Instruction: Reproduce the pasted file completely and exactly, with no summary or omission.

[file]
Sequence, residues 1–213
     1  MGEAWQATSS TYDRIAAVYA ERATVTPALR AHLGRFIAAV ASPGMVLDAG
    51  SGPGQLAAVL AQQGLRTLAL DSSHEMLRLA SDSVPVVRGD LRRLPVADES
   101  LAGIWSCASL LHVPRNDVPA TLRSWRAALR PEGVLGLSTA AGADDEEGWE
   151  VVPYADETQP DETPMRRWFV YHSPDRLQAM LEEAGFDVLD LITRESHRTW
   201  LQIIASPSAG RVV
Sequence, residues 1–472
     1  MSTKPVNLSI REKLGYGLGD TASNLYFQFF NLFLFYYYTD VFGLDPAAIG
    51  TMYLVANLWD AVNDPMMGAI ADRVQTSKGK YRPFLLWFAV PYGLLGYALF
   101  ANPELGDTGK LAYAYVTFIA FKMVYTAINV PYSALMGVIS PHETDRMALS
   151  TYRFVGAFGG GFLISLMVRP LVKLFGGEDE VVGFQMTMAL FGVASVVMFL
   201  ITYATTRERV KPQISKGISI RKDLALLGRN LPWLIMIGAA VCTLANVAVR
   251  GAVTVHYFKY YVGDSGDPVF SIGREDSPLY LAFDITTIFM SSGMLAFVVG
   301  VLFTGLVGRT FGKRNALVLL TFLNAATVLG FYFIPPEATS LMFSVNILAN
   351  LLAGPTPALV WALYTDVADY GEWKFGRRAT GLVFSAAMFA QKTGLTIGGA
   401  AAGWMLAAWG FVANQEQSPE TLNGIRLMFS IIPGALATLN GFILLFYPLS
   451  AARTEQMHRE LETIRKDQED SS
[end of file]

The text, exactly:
Sequence, residues 1–213
     1  MGEAWQATSS TYDRIAAVYA ERATVTPALR AHLGRFIAAV ASPGMVLDAG
    51  SGPGQLAAVL AQQGLRTLAL DSSHEMLRLA SDSVPVVRGD LRRLPVADES
   101  LAGIWSCASL LHVPRNDVPA TLRSWRAALR PEGVLGLSTA AGADDEEGWE
   151  VVPYADETQP DETPMRRWFV YHSPDRLQAM LEEAGFDVLD LITRESHRTW
   201  LQIIASPSAG RVV
Sequence, residues 1–472
     1  MSTKPVNLSI REKLGYGLGD TASNLYFQFF NLFLFYYYTD VFGLDPAAIG
    51  TMYLVANLWD AVNDPMMGAI ADRVQTSKGK YRPFLLWFAV PYGLLGYALF
   101  ANPELGDTGK LAYAYVTFIA FKMVYTAINV PYSALMGVIS PHETDRMALS
   151  TYRFVGAFGG GFLISLMVRP LVKLFGGEDE VVGFQMTMAL FGVASVVMFL
   201  ITYATTRERV KPQISKGISI RKDLALLGRN LPWLIMIGAA VCTLANVAVR
   251  GAVTVHYFKY YVGDSGDPVF SIGREDSPLY LAFDITTIFM SSGMLAFVVG
   301  VLFTGLVGRT FGKRNALVLL TFLNAATVLG FYFIPPEATS LMFSVNILAN
   351  LLAGPTPALV WALYTDVADY GEWKFGRRAT GLVFSAAMFA QKTGLTIGGA
   401  AAGWMLAAWG FVANQEQSPE TLNGIRLMFS IIPGALATLN GFILLFYPLS
   451  AARTEQMHRE LETIRKDQED SS